AT&T says it regrets the mistake and is trying to work with the band to post the song in its entirety. Pearl Jam did not respond to press inquires this morning.

Fuel for the Net Neutrality Debate

“There’s evidence mounting that this might not be an accident because there’s an allegation that’s been put forward, in Wired, that two other bands have been censored at (music festival) Bonnaroo,” Jenny Toomey, executive director of the Future of Music Coalition, told the E-Commerce Times.

“It seems less like it was an overzealous censor and more like it was policy that ‘We don’t want political speech,'” she said.

Wired, for its part, noted that it received an e-mail that was also sent to the Chicago Sun Times, the LA Times, and the Wall Street Journal, and that the message alleges that AT&T censored bands including The Flaming Lips and The John Butler Trio during previous webcasts.

The Question of Character

This AT&T/Pearl Jam incident is important to the issue of network neutrality, Toomey noted, because it speaks to the character of AT&T.

“And character is actually quite important to net neutrality because telecoms have been able to avoid reasonable regulation that the telephone companies for years and years had to operate under — that basically said they wouldn’t use their control of the pipe to unfairly compete with other folks who were using their lines. And the telecoms have been able to avoid this kind of regulation because they say they can be trusted to never do that,” Toomey explained.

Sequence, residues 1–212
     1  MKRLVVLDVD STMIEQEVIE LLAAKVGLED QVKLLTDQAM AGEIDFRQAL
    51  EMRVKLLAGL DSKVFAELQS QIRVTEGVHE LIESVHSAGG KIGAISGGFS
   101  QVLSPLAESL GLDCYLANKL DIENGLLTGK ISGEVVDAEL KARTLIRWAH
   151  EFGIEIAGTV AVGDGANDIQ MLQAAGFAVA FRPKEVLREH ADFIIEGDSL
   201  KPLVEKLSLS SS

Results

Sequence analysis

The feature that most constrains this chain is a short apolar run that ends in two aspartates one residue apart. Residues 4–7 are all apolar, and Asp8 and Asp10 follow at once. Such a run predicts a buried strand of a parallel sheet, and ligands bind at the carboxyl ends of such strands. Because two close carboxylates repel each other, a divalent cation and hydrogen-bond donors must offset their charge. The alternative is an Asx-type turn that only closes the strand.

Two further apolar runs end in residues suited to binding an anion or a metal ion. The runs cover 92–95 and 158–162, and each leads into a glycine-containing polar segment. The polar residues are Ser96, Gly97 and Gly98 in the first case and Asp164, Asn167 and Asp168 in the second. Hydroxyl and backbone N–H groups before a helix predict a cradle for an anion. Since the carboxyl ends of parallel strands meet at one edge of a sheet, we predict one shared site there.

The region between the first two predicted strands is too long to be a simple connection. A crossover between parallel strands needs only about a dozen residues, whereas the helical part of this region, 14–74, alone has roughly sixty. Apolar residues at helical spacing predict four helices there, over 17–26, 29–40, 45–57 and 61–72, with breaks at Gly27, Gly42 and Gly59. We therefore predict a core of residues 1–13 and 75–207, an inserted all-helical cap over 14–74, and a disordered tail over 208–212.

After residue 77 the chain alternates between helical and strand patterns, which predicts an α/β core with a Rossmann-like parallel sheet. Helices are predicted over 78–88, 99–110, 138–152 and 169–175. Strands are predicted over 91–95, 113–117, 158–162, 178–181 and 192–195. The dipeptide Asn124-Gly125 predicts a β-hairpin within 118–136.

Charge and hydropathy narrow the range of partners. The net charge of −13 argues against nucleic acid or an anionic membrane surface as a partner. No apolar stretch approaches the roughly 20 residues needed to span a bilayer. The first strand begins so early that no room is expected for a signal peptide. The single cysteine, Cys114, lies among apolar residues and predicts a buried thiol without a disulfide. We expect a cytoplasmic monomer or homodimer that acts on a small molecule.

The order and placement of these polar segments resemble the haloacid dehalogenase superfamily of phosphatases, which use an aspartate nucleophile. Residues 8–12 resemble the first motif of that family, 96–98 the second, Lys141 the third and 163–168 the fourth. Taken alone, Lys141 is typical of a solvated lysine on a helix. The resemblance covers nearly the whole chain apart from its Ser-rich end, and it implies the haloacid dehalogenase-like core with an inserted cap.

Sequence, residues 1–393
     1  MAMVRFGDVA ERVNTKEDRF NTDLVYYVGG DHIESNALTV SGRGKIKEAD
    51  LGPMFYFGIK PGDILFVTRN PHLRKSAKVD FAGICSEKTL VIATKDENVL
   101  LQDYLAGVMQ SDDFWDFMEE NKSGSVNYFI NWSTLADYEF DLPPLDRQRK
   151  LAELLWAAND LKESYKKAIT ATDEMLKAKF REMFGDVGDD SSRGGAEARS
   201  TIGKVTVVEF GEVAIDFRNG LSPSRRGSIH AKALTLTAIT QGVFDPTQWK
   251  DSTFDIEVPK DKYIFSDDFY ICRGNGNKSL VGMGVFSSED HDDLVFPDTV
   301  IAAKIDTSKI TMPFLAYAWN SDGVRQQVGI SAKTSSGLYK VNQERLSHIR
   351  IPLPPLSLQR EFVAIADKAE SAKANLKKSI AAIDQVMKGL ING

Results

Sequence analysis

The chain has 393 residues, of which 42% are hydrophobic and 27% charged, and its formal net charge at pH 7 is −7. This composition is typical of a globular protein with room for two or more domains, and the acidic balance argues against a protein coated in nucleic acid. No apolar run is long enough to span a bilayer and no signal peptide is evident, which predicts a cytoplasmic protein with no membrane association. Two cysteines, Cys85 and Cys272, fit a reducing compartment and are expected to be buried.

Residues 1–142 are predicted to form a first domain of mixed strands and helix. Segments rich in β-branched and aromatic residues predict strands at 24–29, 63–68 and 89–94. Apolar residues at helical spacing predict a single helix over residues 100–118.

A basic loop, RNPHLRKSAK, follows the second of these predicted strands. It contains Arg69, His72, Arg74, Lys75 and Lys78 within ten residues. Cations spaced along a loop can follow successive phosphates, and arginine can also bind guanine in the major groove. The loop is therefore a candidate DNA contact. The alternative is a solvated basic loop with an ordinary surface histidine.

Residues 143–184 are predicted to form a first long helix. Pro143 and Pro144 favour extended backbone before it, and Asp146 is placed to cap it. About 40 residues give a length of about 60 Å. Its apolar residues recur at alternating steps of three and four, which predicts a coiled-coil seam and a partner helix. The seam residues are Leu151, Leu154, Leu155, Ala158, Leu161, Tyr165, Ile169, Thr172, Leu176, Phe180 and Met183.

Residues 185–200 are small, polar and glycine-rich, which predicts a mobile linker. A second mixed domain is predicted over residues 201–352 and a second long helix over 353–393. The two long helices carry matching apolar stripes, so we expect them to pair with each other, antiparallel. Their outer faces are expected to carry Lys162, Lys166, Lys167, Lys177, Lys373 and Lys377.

The fact that AT&T is doing this, then, raises a huge question of the company’s character.

“Can they be trusted to tell the truth about the Internet and what they are going to do on the Internet when they can’t be trusted with something as simple as a Web feed? If they are willing to risk looking like they are censoring someone, in front of the 100,000 or so people who were watching the webcast of one of the most popular bands in American history, then what are they going to do when no one is watching?” Toomey said.

“So, which of us can watch the packet switching that’s going on? We can’t, and that’s why there needs to be clear laws and rules with severe consequences if someone uses their power in a way that’s anticompetitive,” she added.

If AT&T did indeed intend to stifle political speech, it pretty much backfired — the action was noticed, broadcast around the world over the Internet, resulted in bad press for AT&T and ultimately has received far more attention than a few anti-Bush lyrics ever would have generated on their own.

The real concern of net neutrality proponents is that this sort of exposure could be dampened — not only that content could be censored with little recourse for viewers or artists — but also that it could be throttled back to prevent the spread of less-privileged information.

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The Importance of the Metaverse Standards Forum

Metaverse Standards Forum